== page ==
|Publication number||US8105753 B2|
|Application number||US 11/946,423|
|Publication date||Jan 31, 2012|
|Filing date||Nov 28, 2007|
|Priority date||Nov 28, 2007|
|Also published as||US8481245, US20090136873, US20120091096|
|Publication number||11946423, 946423, US 8105753 B2, US 8105753B2, US-B2-8105753, US8105753 B2, US8105753B2|
|Inventors||Qing Dai, Dan Saylor Kercher, Huey-Ming Tzeng|
|Original Assignee||Hitachi Global Storage Technologies Netherlands B.V.|
|Export Citation||BiBTeX, EndNote, RefMan|
|Patent Citations (13), Non-Patent Citations (10), Referenced by (2), Classifications (16), Legal Events (4)|
|External Links: USPTO, USPTO Assignment, Espacenet|
1. Technical Field
The present invention relates in general to fabricating patterned media and, in particular, to an improved system, method, and apparatus for pattern clean-up during fabrication of patterned media using forced assembly of molecules.
2. Description of the Related Art
E-beam lithography can be used to form patterned bit media structures for hard disk drives. However, when the features being exposed by the e-beam lithography system approach the resolution of the lithography tool, typically there will be unacceptable variations in the size and positioning of the patterns created. These variations cause problems, such as noise, for magnetically reading and writing on patterned bit media structures.
For example, one ideal shape for a “lift-off” e-beam pattern is depicted in
Embodiments of a system, method, and apparatus for pattern clean-up for fabrication of patterned media using a forced assembly of nano-sized particles is disclosed. The invention uses lithography to write the initial patterned bit media structures, which have size and positioning errors, and then forces the assembly of the nano-sized particles on top of these bits.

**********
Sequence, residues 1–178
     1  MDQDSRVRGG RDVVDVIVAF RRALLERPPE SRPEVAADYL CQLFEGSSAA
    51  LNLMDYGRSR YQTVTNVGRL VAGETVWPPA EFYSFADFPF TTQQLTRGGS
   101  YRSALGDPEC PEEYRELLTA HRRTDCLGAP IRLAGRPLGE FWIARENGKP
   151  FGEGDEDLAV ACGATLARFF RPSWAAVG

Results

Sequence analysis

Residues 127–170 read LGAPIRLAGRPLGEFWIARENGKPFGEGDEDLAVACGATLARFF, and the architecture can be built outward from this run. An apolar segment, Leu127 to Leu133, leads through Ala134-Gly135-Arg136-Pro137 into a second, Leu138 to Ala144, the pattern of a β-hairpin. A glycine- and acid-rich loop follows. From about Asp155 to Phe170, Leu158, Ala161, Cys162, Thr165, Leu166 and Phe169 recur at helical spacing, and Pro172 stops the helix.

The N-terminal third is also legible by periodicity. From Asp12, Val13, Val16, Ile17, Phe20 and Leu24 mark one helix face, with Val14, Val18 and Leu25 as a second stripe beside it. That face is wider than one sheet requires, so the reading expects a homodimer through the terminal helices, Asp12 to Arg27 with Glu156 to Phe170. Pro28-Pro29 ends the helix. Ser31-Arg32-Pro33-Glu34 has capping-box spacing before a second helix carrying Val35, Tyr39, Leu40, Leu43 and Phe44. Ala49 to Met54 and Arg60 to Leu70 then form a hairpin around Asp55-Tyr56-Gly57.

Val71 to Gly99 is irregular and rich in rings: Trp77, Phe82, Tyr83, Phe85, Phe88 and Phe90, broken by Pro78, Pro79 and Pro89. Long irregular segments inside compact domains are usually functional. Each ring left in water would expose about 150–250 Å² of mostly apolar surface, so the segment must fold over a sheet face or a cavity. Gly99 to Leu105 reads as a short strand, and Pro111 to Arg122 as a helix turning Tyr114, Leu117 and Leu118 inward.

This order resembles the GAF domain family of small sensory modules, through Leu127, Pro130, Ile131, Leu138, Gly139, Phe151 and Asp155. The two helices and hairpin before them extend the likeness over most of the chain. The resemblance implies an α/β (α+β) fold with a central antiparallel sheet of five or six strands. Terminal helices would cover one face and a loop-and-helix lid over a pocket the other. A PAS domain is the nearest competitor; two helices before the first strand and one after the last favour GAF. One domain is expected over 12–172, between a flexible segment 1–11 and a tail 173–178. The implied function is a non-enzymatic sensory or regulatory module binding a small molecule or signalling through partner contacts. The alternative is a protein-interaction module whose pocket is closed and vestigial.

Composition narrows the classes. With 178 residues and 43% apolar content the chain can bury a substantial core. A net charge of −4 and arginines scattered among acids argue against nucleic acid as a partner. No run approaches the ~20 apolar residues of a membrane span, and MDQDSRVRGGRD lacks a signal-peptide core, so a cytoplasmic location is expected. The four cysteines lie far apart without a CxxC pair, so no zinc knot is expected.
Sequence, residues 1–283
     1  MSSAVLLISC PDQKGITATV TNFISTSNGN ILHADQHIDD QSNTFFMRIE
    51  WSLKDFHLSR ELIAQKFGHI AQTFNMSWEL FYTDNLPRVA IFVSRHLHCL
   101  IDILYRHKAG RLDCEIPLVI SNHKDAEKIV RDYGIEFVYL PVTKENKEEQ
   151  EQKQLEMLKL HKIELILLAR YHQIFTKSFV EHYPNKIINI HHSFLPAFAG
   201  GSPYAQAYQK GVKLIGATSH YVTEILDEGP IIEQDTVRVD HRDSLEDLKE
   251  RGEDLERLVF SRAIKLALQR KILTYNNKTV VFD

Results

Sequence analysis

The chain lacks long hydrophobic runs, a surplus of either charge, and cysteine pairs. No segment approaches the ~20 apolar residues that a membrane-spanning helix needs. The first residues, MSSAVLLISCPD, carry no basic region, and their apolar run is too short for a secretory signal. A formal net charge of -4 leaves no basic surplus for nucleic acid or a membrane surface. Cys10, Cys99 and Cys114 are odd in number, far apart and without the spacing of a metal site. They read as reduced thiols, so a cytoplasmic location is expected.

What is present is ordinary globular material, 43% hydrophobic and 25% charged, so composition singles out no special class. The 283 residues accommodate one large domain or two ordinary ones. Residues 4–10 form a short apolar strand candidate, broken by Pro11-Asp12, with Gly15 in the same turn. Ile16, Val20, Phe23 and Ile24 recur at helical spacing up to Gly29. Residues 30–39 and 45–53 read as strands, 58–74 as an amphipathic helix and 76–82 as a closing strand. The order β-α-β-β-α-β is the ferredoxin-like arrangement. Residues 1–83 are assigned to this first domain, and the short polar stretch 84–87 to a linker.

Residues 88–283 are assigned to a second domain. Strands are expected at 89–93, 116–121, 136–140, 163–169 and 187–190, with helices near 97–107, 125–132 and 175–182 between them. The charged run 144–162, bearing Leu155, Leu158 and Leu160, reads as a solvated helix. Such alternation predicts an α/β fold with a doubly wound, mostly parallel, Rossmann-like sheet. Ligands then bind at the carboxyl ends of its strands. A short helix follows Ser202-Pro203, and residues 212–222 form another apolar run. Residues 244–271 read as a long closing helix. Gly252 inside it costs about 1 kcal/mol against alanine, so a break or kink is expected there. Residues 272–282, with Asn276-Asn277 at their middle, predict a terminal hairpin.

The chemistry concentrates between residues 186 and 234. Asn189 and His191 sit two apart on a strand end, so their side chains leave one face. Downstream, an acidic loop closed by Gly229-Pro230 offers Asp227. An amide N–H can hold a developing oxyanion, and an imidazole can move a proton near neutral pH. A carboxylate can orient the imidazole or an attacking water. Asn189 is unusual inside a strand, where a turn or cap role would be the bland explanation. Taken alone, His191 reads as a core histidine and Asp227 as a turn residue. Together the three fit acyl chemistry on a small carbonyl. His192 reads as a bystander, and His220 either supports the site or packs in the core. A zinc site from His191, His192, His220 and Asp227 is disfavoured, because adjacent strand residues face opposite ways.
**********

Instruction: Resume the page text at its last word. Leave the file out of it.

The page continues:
The nano-particles, such as protein molecules, have a very uniform size distribution and assemble into a lattice structure above the patterned areas. The protein molecules can be used to reduce the size and position errors in patterned structures. This process will “clean-up” the “dirty” signal from the lithography and, therefore, lower the noise in the magnetic reading and writing. This process may be used to fabricate patterned bit media directly on hard disk, or to make a nano-imprint master for mass production of patterned bit media disks.
In one embodiment, a pattern is first fabricated on a disk or imprint master using e-beam lithography and a “lift-off” metallization process. First, a positive e-beam resist is exposed and developed leaving small holes in the resist. A directional metallization process is then used to coat the sample with a noble metal. Finally, a solvent is used to “lift-off” the e-beam resist and leave behind the noble metal dots. Ideally, this process results in metal dots that are perfectly shaped and positioned. However, when the e-beam lithography tool used to fabricate the features is at or beyond the limits of its resolution, there is some error in shape and position of the dots. The imperfections can come from the e-beam dose, positioning errors, problems with the “lift-off” process, etc.
The nano-particles utilized by the invention can have size and shape distributions that are much more consistent than the spot size distributions created with e-beam lithography. The substrate patterned with e-beam lithography may be placed into a wet solution suspending the biological agent of choice. For example, the substrate may be placed into a solution containing chaperonin. At this stage, the chaperonin molecules bond to the gold dots on the substrate surface. In particular, the thiol group on the cystein protein near the opening of the chaperonin protein interacts with the gold to form a semi-covalent bond that is about half of the carbon-carbon bond strength.